Some P.R. gigs are pretty cushy—like getting publicity for London. I mean, all you have to do is write a sentence using the words pub, West End, Tate Modern, mews, and—well, you had me at pub. But the boffins of ballyhoo at Visit London, the city’s official tourism website, and its parent, London & Partners, have done themselves proud with a series of video odes to the capital from some of London’s best-known celebs.
Chef Gordon Ramsay(above) waxes poetic about curry shops in Brick Lane and tells viewers the name of his favorite café for a “fry-up” (local slang for a full English breakfast). Actress, model, and Sixties icon Twiggy(below) goes gaga over London’s shopping scene. Mayor Boris Johnson recounts cycling to the London Borough of Hackney to enjoy bangers and mash at a local pub. Actress Joanna Lumley (Absolutely Fabulous, The Wolf of Wall Street) rhapsodizes over the duck ponds, statues, and tree-lined paths of Holland Park, “one of the best-kept secrets in London.” More videos from other Londoners can be found at visitlondon.com/story.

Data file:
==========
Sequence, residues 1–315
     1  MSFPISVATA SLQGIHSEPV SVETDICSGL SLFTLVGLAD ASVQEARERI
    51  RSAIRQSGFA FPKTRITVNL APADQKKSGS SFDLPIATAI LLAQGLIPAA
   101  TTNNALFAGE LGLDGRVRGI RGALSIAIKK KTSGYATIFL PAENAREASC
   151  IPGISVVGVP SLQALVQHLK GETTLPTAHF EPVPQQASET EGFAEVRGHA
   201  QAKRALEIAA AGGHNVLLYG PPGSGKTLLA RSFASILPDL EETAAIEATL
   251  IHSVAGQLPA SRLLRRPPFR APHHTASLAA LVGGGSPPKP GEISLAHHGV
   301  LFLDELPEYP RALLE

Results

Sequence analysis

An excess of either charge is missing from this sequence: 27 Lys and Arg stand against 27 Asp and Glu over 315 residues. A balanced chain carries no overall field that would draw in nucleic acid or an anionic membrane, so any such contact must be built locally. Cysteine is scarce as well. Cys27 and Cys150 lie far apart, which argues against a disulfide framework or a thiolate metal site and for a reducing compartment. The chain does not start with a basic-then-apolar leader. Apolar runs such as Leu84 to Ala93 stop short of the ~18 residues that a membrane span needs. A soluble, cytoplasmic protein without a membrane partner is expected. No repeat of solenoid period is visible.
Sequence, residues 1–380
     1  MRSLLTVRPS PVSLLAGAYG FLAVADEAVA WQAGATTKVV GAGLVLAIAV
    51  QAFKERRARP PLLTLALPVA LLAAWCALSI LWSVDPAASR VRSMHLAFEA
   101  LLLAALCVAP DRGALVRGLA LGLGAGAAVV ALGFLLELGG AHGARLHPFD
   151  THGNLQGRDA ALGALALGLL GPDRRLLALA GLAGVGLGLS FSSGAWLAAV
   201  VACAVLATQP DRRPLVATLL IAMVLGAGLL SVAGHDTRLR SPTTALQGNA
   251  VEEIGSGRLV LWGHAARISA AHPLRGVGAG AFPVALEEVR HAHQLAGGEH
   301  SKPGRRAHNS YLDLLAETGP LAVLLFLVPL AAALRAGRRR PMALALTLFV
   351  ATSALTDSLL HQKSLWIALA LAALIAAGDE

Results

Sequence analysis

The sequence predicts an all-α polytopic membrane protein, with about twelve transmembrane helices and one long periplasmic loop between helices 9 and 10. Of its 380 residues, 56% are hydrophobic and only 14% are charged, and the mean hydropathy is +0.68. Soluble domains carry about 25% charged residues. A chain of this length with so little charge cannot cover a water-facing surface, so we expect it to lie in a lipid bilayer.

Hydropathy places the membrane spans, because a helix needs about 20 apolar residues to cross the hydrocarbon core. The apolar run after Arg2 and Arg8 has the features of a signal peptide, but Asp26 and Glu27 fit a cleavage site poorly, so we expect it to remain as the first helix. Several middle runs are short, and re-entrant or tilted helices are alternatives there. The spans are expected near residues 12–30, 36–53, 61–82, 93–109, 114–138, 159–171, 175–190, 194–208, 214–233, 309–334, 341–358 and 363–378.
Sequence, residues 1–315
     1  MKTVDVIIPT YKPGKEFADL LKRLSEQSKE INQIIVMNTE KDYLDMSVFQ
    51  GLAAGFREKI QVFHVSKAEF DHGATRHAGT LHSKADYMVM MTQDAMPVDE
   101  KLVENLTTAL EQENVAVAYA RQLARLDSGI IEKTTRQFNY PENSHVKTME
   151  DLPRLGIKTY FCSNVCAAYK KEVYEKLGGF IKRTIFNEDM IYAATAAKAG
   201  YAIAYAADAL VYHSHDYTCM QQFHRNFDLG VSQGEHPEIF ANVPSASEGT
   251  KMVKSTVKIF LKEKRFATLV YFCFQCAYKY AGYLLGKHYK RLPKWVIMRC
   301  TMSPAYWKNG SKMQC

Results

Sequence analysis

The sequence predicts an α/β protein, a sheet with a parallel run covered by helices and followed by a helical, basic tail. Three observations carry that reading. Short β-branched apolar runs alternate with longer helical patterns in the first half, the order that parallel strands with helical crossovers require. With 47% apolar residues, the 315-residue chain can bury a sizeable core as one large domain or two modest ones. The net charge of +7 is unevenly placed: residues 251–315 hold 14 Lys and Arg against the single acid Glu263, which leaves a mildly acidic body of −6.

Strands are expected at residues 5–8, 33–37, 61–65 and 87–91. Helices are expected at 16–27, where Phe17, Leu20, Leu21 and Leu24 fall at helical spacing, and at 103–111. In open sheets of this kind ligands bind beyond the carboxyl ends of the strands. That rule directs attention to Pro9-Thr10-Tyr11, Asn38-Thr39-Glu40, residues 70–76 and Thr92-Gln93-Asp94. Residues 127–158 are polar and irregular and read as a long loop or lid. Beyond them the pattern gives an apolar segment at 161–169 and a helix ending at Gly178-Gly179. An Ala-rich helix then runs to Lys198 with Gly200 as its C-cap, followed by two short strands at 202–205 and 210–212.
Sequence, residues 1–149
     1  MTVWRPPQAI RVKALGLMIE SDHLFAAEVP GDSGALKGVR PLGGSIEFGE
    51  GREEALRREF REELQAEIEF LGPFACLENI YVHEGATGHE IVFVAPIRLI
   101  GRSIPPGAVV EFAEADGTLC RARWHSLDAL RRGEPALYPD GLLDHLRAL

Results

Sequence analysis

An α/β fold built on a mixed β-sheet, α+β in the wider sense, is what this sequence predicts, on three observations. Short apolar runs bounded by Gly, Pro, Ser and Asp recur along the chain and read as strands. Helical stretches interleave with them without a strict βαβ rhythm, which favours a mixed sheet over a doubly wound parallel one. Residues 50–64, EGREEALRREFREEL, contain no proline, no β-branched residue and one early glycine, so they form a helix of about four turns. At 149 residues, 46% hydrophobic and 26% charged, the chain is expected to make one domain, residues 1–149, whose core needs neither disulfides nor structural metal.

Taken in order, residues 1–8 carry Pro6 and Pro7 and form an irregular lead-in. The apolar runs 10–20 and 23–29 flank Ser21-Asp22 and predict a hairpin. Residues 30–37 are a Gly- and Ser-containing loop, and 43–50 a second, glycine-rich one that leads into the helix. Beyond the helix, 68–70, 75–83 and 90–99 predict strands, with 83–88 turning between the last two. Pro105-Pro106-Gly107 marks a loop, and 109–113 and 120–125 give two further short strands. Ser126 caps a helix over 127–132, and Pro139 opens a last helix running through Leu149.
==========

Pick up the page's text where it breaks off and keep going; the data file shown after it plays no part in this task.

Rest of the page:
New York’s new mayor, Bill de Blasio, often bemoans a “tale of two cities”—one rich, one poor. But lately he has been lamenting a different kind of tail—the ones on the horses that for decades have pulled the iconic tourist carriages through Central Park. De Blasio plans to ban the horse-drawn hansoms because, like many New Yorkers, he thinks the horses are undernourished, mistreated, and overworked, not unlike your typical Manhattan freelance fact-checker. And so, to keep the tourists coming back to the Big Apple, here are my alternatives to the Central Park horse-drawn carriages.